Spam turned 20 years old this month. What did you do to celebrate?
Unsolicited messages have certainly been around longer than 20 years. The earliest of these is the 1864 telegraph advertising dental services of Messrs. Gabriel, dentists. Even then, unsolicited meant unwanted 😉
- It was sent as a separate message to 5,500 separate Usenet groups, violating the netiquette of the time
- A Perl script was used to post the message to Usenet
- The couple repeated the process in June for a similar message
- Canter & Seigel claim to have “gained 1,000 new clients and “made $100,000 off an ad that cost them only pennies””
Since then spam has become big business:
- Spammers often generate a profit, regardless of how ridiculous they are
- Companies pay consultants and internal staff to protect their networks from spam
- Anti-virus, malware protection, and other technologies represent millions of dollars in revenues
- Processing spam consumes bandwidth and other resources
Studies have shown that spam currently represents about 7 of every 10 messages, though this is the first time in years that spam, as a percentage of email, has fallen beneath 70% of all mail. It's been dropping a couple of percentage points each year, but experts expect the amount of spam to remain about the same through 2014. Unfortunately, ‘grey mail' like ham is expected to grow.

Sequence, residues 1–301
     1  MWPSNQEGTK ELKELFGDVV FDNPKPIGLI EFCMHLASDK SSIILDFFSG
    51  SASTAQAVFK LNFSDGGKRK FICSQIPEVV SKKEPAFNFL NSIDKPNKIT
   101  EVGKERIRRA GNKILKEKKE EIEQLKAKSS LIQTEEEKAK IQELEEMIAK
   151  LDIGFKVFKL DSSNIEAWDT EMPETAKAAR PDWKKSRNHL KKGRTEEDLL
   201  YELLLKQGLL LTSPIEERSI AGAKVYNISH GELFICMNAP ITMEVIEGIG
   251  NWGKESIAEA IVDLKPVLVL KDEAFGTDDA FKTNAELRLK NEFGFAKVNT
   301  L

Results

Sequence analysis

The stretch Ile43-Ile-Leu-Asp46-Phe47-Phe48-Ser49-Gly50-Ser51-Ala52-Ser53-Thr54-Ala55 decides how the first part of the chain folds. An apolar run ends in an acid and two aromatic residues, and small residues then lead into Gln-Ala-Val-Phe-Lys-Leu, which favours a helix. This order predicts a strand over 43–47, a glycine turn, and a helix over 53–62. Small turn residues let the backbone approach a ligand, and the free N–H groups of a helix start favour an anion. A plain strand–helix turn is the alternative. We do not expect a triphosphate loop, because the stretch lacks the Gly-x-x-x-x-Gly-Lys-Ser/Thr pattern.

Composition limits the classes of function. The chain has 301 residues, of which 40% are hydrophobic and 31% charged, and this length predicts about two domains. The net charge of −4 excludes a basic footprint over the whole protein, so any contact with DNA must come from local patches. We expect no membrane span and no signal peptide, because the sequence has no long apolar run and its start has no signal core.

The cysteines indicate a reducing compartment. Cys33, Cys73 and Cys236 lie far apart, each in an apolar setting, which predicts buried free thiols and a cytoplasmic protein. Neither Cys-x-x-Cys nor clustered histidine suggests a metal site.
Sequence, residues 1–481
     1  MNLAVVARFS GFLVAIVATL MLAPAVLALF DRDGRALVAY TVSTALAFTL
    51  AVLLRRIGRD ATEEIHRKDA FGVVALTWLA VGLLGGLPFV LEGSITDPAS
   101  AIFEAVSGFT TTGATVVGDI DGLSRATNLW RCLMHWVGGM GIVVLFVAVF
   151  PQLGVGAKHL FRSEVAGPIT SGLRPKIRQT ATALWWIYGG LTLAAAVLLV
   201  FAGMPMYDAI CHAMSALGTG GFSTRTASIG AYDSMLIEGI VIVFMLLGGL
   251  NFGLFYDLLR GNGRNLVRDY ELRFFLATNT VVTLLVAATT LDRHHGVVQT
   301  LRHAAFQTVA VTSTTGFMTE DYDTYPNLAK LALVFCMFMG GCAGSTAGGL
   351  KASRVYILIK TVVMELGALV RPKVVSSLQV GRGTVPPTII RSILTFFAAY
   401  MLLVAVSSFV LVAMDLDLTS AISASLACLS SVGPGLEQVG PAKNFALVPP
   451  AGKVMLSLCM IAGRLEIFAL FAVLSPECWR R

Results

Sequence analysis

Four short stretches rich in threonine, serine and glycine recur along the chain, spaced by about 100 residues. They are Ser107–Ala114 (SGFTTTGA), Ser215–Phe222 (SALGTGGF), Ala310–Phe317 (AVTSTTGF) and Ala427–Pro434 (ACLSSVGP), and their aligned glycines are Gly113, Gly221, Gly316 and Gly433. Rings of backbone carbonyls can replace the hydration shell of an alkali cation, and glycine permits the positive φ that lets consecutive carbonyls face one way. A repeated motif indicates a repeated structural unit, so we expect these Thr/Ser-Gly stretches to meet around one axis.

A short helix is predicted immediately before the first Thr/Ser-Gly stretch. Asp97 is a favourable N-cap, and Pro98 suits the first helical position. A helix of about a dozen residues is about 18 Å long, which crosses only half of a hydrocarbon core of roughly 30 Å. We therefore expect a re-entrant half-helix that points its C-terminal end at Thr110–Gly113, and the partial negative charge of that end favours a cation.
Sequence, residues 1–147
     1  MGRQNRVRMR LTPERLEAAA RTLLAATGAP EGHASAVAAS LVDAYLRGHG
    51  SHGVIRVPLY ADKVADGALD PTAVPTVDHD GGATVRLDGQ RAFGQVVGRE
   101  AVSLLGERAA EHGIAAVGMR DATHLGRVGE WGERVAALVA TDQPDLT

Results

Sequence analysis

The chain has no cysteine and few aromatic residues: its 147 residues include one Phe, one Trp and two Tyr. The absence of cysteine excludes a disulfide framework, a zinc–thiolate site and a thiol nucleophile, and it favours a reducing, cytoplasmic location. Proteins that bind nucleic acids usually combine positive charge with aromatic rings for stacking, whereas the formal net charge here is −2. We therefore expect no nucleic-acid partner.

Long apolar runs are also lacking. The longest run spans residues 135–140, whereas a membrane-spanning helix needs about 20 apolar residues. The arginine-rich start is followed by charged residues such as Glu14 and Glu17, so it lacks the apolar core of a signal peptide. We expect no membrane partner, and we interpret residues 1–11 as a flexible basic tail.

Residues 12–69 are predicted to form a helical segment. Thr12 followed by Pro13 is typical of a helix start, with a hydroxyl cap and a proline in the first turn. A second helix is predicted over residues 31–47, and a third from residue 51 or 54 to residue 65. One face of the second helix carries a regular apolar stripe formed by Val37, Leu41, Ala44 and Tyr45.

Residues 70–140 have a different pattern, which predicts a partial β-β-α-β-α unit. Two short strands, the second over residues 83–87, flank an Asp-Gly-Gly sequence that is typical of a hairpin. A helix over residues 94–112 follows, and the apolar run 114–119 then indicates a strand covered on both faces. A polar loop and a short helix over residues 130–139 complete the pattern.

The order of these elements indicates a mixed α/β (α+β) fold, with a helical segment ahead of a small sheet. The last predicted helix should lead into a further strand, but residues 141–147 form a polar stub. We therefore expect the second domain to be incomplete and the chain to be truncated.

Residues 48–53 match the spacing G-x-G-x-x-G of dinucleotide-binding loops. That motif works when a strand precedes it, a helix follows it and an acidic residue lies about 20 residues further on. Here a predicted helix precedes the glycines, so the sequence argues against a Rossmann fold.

While the numbers don't seem to be changing much, the tactics are constantly evolving. Spammers have moved on from legal commercial offers to fraudulent scams to malware and malicious files to phishing schemes and social engineering. Meanwhile the do-gooders have been fighting back with initiatives like Spamhaus and APWG and huge advancements in anti-spam technologies like this one.
So how did you celebrate Spam's 20th birthday? Here at Barracuda we celebrated by adding several new features and feature enhancements to our Barracuda Spam Firewall. Keep an eye on our blog over the next few weeks to get all the details ..
- Barracuda Spam Firewall
- Barracuda Spam Firewall Vx
- Technical documentation
- Live demo (User: guest Pwd: [blank])
- Risk-free 30-day free demo unit
Christine Barry est blogueuse en chef et responsable des réseaux sociaux chez Barracuda. Son travail consiste à rédiger des articles captivants en lien avec les services Barracuda et à faciliter la communication entre le public et les équipes internes. Avant de rejoindre Barracuda, Christine a été ingénieure de terrain et chef de projet dans l'éducation et auprès de PME pendant plus de 15 ans. Elle est titulaire de plusieurs diplômes technologiques, d'une licence de l'université du Michigan, et d'une maîtrise en administration des affaires.
Connectez-vous avec Christine sur LinkedIn.